Mr. McCONNELL. Mr. President, at a time when unemployment is at a 25-year high and with a Federal deficit breaking the $12 trillion mark, the House of Representatives passed a health care bill that raises taxes more than $700 billion. This is the House-passed health care bill on this desk. I expect the Senate version, which may be produced today, will be of similar size.
Who gets taxed under the House-passed bill? Let's take a look.
At the top of the list is small business. A small business surtax in the bill takes $150 billion out of our job creators. That is on page 344 of this massive 2,000-page House bill. We all know small businesses are the biggest job generators in the country. They employ well over half of those who have employment in our country.
Second, we have an employer tax. The employer tax raises $135 billion in taxes through a new mandate on employers. That is on page 281 of this massive 2,000-page bill. The NFIB, the National Federation of Independent Business, which represents small business, estimates that mandate would cost about 1.6 million jobs. That is a 1.6 million job-killing tax at a time when the national unemployment rate is 10.2 percent.
Insured Americans, item No. 4 on this chart--let's look at the tax on insured Americans. Billions of new taxes to pay for comparative effectiveness research rationing in this 2,000-page bill. That is on page 1179, a tax on those who are insured.
Then we have attacks on those who are uninsured, item 3 on the chart. They get taxed as well, a 2.5-percent income tax on the uninsured. That is on page 303 of this roughly 2,000-page bill.
Medical devices, upon which those who are sick depend heavily, will also be taxed. People needing lifesaving medical devices will also receive a tax increase, on page 347 of this massive 2,000-page bill. There will be a $20 billion tax on medical devices. Of course, that will be passed straight on to the consumers. So that will, in effect, be a tax on those Americans who are sick and who need medical devices.
There is also a tax on the chronically ill. On page 332 of this 2,000-page effort to restructure the American health care system, we find flexible spending accounts would be capped at $2,500 and phased out over time. How does that affect the chronically ill? As a result, tens of millions of families, many of whom are managing chronic illnesses, will see billions in tax-saving benefits from these FSAs wiped out, right here on page 332 of this 2,000-page bill.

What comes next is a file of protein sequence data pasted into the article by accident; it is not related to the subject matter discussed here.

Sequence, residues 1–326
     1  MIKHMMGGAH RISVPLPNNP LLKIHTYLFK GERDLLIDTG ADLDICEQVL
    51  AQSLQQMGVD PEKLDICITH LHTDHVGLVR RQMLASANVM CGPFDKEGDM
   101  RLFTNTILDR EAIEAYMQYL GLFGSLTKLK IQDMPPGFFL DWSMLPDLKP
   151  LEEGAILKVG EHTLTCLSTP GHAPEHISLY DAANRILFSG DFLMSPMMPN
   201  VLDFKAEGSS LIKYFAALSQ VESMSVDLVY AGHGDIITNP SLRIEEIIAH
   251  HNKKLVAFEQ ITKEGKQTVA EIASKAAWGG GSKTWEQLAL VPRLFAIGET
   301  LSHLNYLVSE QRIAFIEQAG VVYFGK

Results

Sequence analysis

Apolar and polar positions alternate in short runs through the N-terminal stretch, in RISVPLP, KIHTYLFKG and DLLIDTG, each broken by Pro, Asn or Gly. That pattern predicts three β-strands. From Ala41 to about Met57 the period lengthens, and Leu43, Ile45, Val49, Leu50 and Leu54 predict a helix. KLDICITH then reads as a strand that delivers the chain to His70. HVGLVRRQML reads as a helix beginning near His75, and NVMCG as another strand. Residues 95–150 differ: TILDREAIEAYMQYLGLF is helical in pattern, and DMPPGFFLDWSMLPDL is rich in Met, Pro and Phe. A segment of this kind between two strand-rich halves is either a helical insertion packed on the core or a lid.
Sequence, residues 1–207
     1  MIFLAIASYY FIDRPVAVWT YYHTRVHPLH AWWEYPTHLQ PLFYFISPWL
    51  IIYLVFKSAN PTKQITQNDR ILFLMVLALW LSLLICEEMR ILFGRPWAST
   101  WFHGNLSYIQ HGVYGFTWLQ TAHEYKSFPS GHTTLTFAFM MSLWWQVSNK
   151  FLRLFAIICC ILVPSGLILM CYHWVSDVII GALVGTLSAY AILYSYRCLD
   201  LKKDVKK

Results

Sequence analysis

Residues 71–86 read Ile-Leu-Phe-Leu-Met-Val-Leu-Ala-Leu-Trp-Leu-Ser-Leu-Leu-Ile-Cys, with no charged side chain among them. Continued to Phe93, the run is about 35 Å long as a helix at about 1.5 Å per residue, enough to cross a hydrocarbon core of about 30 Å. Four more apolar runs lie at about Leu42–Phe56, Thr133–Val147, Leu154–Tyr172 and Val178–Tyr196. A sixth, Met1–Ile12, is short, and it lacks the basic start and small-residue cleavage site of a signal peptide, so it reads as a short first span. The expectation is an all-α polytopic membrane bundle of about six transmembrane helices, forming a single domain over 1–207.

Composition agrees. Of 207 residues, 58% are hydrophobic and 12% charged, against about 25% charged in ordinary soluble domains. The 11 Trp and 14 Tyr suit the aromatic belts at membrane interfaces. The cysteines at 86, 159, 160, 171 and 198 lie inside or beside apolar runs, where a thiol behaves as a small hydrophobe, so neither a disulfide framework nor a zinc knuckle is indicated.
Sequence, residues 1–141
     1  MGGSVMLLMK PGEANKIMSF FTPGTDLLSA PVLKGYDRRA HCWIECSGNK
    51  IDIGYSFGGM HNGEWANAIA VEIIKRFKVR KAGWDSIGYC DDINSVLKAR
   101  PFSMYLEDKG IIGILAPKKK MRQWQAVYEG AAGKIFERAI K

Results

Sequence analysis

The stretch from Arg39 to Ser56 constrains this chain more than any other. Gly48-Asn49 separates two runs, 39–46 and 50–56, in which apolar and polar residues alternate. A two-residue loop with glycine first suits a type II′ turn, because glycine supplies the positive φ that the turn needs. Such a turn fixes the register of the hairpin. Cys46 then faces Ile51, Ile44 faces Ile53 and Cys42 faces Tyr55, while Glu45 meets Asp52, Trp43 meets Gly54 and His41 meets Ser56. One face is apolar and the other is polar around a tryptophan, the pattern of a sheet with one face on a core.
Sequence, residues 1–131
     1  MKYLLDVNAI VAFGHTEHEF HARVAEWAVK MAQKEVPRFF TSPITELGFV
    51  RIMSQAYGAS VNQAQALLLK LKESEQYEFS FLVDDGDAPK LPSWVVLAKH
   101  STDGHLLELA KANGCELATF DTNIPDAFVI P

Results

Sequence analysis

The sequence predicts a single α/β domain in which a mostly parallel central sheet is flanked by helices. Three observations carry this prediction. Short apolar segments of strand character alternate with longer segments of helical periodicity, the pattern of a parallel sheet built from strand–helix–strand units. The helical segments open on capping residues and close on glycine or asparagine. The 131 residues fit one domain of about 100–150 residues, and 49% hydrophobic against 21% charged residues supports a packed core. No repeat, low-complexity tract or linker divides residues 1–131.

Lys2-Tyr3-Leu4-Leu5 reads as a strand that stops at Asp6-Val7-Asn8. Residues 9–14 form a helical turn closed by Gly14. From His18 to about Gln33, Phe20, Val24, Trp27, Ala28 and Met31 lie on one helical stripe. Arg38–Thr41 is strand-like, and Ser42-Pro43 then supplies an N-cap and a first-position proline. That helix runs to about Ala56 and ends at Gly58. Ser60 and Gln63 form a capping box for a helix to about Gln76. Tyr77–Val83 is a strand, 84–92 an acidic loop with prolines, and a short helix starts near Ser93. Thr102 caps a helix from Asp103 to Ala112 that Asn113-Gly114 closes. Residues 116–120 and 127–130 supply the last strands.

What does all this mean to small business? David Boland is the manager at Boland Maloney Lumber, Louisville. He wrote to my office to say what it means:
Health care reform that does nothing to control costs--
And we already know from CBO and from the actuaries that the Health and Human Services bill does not control costs--
but merely increases the burden on small businesses through mandates and tax hikes is a dangerous and risky proposition that will imperil my company and our national recovery.
Don't take it from me; listen to David Boland. He gets it. He knows that slashing Medicare, increasing premiums, and raising taxes in a recession is not reform.
It was actually a front-page story in the Washington Post this morning, a company in Louisville that kind of underscores what I am talking about. The front-page story in today's Washington Post describes the ongoing struggles of a small manufacturer in my hometown of Louisville who is fighting to save jobs. This business owner wants to be more productive so he can hold onto his workers. But all of these crushing taxes, many of which would apply to his company, are simply not going to be helpful.
Finally, yesterday I spoke about Medicare cuts, the massive Medicare cuts in this bill we are shortly going to be considering. It is important to remember that Senate Democrats recently tried to pass a so-called doc fix that would have forced seniors to pay higher premiums on top of $ 1/2 trillion they want to cut from Medicare. Fortunately, this bill was rejected by a wide bipartisan majority. While we all think this problem needs to be addressed, this is not the way to do it. I am confident that should a similar bill pass the House later this week, we will reject it again on a bipartisan basis.
I yield the floor.